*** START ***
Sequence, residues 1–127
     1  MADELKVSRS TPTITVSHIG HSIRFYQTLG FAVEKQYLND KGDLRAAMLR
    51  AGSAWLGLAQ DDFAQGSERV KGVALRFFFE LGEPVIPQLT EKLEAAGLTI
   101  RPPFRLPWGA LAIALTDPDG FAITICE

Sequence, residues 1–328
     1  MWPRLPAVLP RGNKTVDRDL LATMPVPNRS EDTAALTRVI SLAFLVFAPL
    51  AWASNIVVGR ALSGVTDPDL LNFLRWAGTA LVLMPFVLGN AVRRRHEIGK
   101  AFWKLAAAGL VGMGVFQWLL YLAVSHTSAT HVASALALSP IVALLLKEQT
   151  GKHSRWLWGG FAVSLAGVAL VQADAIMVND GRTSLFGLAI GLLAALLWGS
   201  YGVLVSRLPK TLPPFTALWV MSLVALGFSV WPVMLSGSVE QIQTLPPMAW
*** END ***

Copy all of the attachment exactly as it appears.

Sequence, residues 1–127
     1  MADELKVSRS TPTITVSHIG HSIRFYQTLG FAVEKQYLND KGDLRAAMLR
    51  AGSAWLGLAQ DDFAQGSERV KGVALRFFFE LGEPVIPQLT EKLEAAGLTI
   101  RPPFRLPWGA LAIALTDPDG FAITICE

Sequence, residues 1–328
     1  MWPRLPAVLP RGNKTVDRDL LATMPVPNRS EDTAALTRVI SLAFLVFAPL
    51  AWASNIVVGR ALSGVTDPDL LNFLRWAGTA LVLMPFVLGN AVRRRHEIGK
   101  AFWKLAAAGL VGMGVFQWLL YLAVSHTSAT HVASALALSP IVALLLKEQT
   151  GKHSRWLWGG FAVSLAGVAL VQADAIMVND GRTSLFGLAI GLLAALLWGS
   201  YGVLVSRLPK TLPPFTALWV MSLVALGFSV WPVMLSGSVE QIQTLPPMAW